The United States Women's National Team, behind Carli Lloyd's hat trick, beat Japan, 5-2, in the 2015 FIFA Women's World Cup Final in Vancouver on July 5.
The United States beat Japan, 5-2, in the 2015 FIFA Women's World Cup Final on July 5.
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The Americans pulled away on Carli Lloyd's hat trick to dethrone the Japanese and win their third FIFA Women's World Cup title. With the victory, the United States won its first title since 1999, per FIFA.com.
Lloyd recorded her amazing hat trick in the match's first 13 minutes to put the United States ahead to stay.
Megan Rapinoe's low corner kick caught Japan's defense off guard. It found its way to Lloyd near the penalty box area where she kicked the ball past Japan's goalkeeper Ayumi Kaihori, per FIFA.com.
Less than three minutes later, a low free kick from Lauren Holiday made its way to Lloyd, who scored her second goal from close range. The United States had a 2-0 lead with barely five minutes into the match.
Those two goals by Lloyd are the fastest in FIFA Women's World Cup Final history, per FIFA's official website.
While the United States' offense was clicking, Japan's defense sputtered early on.
Japanese defender Azusa Iwashimizu was unable to keep Tobin Heath's kick in check. Heath sent the ball to Holiday, who scored to make it 3-0 in favor of the Americans with 14 minutes just gone by on the game clock, per FIFA.com.
Two minutes later, Lloyd struck yet again.
Lloyd was handling the ball into Japan's half of the field and then kicked it from the halfway line. Kaihori tried to get a hand on the ball, unfortunately tipping it into her own goal as she was back-peddling, per FIFA's official website.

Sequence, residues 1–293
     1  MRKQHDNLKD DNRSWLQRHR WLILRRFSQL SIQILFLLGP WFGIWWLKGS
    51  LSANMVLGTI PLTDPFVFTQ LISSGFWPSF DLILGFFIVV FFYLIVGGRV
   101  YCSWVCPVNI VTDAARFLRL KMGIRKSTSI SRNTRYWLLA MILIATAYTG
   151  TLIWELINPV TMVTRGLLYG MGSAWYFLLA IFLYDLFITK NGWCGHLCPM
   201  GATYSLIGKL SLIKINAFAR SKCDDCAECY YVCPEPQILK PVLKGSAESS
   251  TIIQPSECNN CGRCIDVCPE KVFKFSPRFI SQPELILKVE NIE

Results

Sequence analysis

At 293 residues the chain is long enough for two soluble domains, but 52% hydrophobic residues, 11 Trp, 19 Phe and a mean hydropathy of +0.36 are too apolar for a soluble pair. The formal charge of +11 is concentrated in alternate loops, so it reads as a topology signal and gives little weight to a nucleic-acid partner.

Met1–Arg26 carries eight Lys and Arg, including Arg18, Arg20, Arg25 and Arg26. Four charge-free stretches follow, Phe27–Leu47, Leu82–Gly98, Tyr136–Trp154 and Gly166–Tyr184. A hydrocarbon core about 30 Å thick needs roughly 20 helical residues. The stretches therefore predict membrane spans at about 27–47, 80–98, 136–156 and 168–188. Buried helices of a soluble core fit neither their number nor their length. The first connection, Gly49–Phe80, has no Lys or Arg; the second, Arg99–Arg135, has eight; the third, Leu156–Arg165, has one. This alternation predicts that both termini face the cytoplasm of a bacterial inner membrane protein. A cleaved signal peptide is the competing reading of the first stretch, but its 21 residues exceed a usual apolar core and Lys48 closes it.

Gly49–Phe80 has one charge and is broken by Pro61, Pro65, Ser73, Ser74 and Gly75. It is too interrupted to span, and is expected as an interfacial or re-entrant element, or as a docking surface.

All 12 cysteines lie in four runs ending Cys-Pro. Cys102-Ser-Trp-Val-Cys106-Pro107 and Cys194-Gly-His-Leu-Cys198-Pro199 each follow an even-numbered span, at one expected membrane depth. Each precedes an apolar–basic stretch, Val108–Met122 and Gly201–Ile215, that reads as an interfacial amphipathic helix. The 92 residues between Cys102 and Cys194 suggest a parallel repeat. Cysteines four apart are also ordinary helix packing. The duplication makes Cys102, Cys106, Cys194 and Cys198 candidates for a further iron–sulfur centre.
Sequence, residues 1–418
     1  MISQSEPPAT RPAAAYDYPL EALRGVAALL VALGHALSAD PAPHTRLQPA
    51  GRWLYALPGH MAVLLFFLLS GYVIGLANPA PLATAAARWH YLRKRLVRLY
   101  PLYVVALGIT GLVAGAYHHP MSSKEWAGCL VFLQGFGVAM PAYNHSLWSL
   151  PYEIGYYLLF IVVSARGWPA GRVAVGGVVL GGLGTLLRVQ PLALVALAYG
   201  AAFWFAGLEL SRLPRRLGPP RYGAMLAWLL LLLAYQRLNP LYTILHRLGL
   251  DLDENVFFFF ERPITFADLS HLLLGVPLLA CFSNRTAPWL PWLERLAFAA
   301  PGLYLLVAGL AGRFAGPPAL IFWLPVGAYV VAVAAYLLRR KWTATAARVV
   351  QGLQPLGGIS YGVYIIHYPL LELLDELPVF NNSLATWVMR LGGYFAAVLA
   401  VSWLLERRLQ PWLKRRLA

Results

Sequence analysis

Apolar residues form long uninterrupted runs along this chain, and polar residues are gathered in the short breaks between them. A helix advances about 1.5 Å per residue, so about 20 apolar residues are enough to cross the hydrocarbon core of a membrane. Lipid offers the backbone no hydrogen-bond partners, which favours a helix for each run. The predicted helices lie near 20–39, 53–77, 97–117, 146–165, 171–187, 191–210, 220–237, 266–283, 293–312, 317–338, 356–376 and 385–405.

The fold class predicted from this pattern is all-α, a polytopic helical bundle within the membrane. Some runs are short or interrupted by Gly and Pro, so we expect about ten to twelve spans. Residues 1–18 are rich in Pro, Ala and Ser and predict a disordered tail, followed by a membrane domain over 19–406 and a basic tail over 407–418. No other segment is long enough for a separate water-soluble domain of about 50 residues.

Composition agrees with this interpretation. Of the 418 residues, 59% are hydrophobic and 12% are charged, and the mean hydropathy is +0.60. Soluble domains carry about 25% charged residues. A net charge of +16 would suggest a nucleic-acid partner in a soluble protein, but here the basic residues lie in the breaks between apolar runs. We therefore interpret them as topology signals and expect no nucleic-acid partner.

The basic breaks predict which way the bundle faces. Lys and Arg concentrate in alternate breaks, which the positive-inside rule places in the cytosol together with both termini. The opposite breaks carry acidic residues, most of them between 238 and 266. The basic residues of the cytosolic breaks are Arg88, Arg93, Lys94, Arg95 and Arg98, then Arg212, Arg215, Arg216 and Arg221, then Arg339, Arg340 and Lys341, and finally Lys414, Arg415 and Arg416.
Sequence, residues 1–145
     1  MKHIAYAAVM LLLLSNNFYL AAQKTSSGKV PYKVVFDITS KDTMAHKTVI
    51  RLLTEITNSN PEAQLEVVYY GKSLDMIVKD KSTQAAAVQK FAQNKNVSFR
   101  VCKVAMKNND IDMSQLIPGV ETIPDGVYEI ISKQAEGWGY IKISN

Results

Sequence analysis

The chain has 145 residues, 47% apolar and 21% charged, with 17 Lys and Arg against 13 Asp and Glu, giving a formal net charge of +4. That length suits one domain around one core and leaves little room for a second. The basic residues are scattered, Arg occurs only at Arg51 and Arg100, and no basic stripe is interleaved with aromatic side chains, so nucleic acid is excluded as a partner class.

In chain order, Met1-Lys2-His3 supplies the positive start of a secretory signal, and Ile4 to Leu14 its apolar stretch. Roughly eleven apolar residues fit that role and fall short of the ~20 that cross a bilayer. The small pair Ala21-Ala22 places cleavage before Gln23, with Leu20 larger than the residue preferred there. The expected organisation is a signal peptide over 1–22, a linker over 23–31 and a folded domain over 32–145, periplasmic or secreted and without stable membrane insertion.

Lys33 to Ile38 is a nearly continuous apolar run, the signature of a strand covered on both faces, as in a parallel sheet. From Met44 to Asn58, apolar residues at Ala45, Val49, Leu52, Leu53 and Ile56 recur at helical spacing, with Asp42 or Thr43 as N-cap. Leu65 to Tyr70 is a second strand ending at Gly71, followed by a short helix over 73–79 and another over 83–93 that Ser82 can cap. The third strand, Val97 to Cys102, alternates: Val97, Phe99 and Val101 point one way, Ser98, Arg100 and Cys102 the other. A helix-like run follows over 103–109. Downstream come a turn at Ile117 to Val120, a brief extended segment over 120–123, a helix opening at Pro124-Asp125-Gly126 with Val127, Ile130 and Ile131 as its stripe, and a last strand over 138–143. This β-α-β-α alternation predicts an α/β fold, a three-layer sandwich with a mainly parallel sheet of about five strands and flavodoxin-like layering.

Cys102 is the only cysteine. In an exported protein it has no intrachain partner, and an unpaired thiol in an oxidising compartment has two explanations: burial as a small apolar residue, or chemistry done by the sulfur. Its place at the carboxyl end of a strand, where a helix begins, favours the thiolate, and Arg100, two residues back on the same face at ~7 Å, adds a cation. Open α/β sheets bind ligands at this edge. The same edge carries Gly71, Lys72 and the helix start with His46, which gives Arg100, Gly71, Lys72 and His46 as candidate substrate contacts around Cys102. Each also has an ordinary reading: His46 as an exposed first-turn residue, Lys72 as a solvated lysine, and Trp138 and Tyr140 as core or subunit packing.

With that, Lloyd recorded her memorable hat trick in just 16 minutes of play.
FIFA's official website notes Lloyd almost scored a record-breaking fourth goal minutes later. However, her header just went wide. Had it gone in, her four goals would have been the most by any individual -- male or female -- in FIFA World Cup Final history.
The Japanese were able to finally end their scoreless drought midway through the first half when forward Yuki Ogimi spun past Julie Johnston and sent the ball past U.S.A. goalkeeper Hope Solo to make it 4-1 in favor of the Americans, per FIFA.com.
Japan almost closed the gap to two goals three minutes later but Solo thwarted midfielder Aya Miyama's attempt.
The Nadeshiko finally got their elusive second goal on the 50th minute as Miyama's free kick was too much for Solo to contain, per FIFA.com.
However, the United States snuffed out whatever last-gasp rally Japan had in it when Morgan Brian assisted on a Tobin Heath goal to put the game out of reach.
As the final whistle blew, the pro-United States crowd of 53,341 at BC Place in Vancouver arose in jubilation, per FIFA.com.
Lloyd told espnW.com's Graham Hays it was a moment she will forever cherish:
"I've dedicated my whole life to this. And everything (else) comes second. But I wouldn't have it any other way.
"That's why it's so demanding mentally. I feel more mentally zapped right now than physically. That's what it takes.
"We just wrote history today and brought this World Cup trophy home, which is unbelievable. But at the end of the day, I think I've pushed on my status a little bit and I have to stay up here.
"So it's not right away, but I'll be back to work and back stronger than ever."
For her part, Solo, the tournament's Golden Glove award winner, dubbed it the greatest moment of her career. When FIFA.com interviewed her, she cited the United States' loss to Japan in the FIFA Women's World Cup four years earlier.
"It's much sweeter this time around!" Hope proclaimed. "It feels so good. It was incredible. This is surely the peak of my career."
On the other hand, Ogimi conceded Japan didn't have what it took to keep up with the United States, per a separate FIFA.com update:
"We didn't have the quality to handle what USA threw at us in the Final. We have to admit that we didn't have it today. In that sense, USA were better than us.
"USA used a lot of moves on set plays and we didn't handle that well at the start of the match and we were soon two goals down. We conceded a third and fourth very quickly.
"But we soon found our rhythm and we pulled back two goals, but in the end we didn't have enough ability to come all the way back into the match."
The next FIFA Women's World Cup tournament will take place in France in 2019.
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